Here’s another exclusive clip from the upcoming documentary! In this clip, several veteran Mongolian rockers and rock fans discuss the importance of The Beatles on Mongolian youth at a time when the West was out of reach. What seems at first like an odd monument to The Beatles in the heart of Ulaanbaatar, is actually a unique way to remember that special period of Mongolian history.
Well, I’m in the throngs of editing “Live From UB”. The sad truth about editing nearly a hundred hours of footage down to less than 2 is that a lot of material just won’t make the cut.
With that in mind, I’ll be posting clips that may or may not be in the final piece throughout the editing process.
Here are two from a day I spent at Amarbayasgalant Monastery with the band Mohanik as they recorded their album.
THANK YOU THANK YOU THANK YOU!
Thanks to all of you who contributed to LIVE FROM UB’s Indiegogo Fundraising campaign! Your support will make the post-production of this documentary possible!
As they say on Marketplace, let’s do the numbers…
Fundraising Goal: $7500
Total Raised: $9389
Number of Contributors: 169
The money raised from this campaign will go toward hiring translators, assistant editors, colorists, sound designers, graphic designers and more!
This project has been made possible by the kindness of strangers from the very beginning. The generosity of sharing time and information new Mongolian friends and foreigners interested in Mongolia carried me through the research and filming phases. It means a lot to know that there is still a community invested in getting the word out about Mongolian rock!
So, Stay Tuned…
We did it! Thanks to everyone who so generously contributed to the Indiegogo campaign for LIVE FROM UB.
Your support has been overwhelming and truly inspiring. As of now 136 of you contributed a total of $7,578 ($78 more than my goal) with 20 days still left in the campaign!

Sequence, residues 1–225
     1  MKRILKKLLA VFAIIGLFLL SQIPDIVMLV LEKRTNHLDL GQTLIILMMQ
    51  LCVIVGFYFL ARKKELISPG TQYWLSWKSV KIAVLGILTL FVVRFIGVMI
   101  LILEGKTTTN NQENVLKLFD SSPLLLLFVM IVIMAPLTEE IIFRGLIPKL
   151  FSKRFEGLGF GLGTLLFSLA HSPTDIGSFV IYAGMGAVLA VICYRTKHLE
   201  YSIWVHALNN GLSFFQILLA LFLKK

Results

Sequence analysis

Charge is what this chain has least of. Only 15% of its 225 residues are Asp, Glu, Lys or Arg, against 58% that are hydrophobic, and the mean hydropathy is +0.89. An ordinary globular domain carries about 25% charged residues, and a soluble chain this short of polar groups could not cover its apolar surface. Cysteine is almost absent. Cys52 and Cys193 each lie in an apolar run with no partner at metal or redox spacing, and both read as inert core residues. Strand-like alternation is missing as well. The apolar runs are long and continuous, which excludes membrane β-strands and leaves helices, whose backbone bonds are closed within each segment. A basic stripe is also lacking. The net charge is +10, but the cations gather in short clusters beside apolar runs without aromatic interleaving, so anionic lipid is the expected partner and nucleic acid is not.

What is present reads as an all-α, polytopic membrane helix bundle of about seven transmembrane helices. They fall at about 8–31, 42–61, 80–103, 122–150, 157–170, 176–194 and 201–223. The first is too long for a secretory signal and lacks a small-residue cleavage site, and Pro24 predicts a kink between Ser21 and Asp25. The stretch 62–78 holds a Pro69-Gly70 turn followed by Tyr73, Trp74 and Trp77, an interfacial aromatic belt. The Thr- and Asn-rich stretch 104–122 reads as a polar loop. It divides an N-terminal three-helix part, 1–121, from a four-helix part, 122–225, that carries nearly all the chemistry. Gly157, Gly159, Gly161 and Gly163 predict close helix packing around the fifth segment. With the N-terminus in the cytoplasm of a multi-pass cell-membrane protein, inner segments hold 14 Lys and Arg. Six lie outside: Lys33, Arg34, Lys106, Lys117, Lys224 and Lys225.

But it’s not over yet.
We have 20 more days to make this an even bigger success than it already is. Please continue to spread the word about this exciting project. The more people this campaign reaches, the BETTER!
And thanks again!
Remember all of those posts I was writing from Ulaanbaatar, Mongolia over the past year or so? Well, the final product of all that research and filming is an hour-long documentary called LIVE FROM UB.
I have all the footage and the story, but I need a little extra help to support the editing and post-production process.
I’ve launched an Indiegogo fundraising campaign to raise funds and awareness about the project. You can check it out here.
I am looking for finishing funds to cover the cost of:
Translator, Editor & Assistant Editor, Colorist (to make the colors match), Sound Mixer, Graphics Designer, DVDs and Printing, Press Kit, Festival Entrance Fees, Administrative Costs, Website, Film Insurance
But I’m also hoping to get the word out about this really exciting project. Please tell your friends and fellow Mongolia/Travel/Documentary buffs to check it out!
MORE ABOUT THE FILM:
LIVE FROM UB takes viewers into the small but vibrant rock scene in Mongolia’s capitol, Ulaanbaatar (also called ‘UB’). In 1990 Mongolian’s demanded a new government. Tired of the restrictive lifestyle of their Soviet system, they protested throughout the winter until, at last, their demands were heard and a democratic government and free economy were granted. Throughout their struggles, rock music was there. It was the sound of a new generation and the beat of democracy. Now, over twenty years later, the first generation to grow up in this new society is making their own music. But, unlike Mongolia’s rock pioneers, they have full access to the outside world. They grew up on MTV. They download music in instants. They travel to Korea and China to buy equipment. But this new generation, with the world at their fingertips, is also searching for something much deeper – their true identity. The music they produce is proof of the new urban Mongolian – Eastern and Western, Ancient and Modern, Nationalist and Global Citizen. Through the lens of a few of these bands and interviews with experts, LIVE FROM UB explores what it means to be Mongolian today and how that’s shown through music.
Shamanism is a an ancient spiritual tradition practiced throughout Mongolia. People who follow shamanism believe that nature and humans are connected in a deeply spiritual way. The shaman is the link between those worlds and acts as a conduit for people to reach beyond. According to the Lonely Planet, “two of a shaman’s main functions are to cure sickness caused by the soul straying, and to accompany souls of the dead to the other world.”
While witnessing a shaman ceremony is a special event, signs of the spiritual tradition are throughout Mongolia. Ovoos (sacred piles of stones) are scattered across the countryside as indicators of respect for nature. They are typically built at noteworthy locations as a sign of respect to the natural realm. When one passes an ovoo, he or she must circle it three times and toss a stone onto the pile as an offering. Others might offer horse skulls, vodka bottles, or even tires.
Recently, Mongolia has seen a resurgence of Shamanism as many young people are becoming shamans. However, some believe a number of these new converts are “tourist shamans”, people who will perform the ceremony as a show for a fee.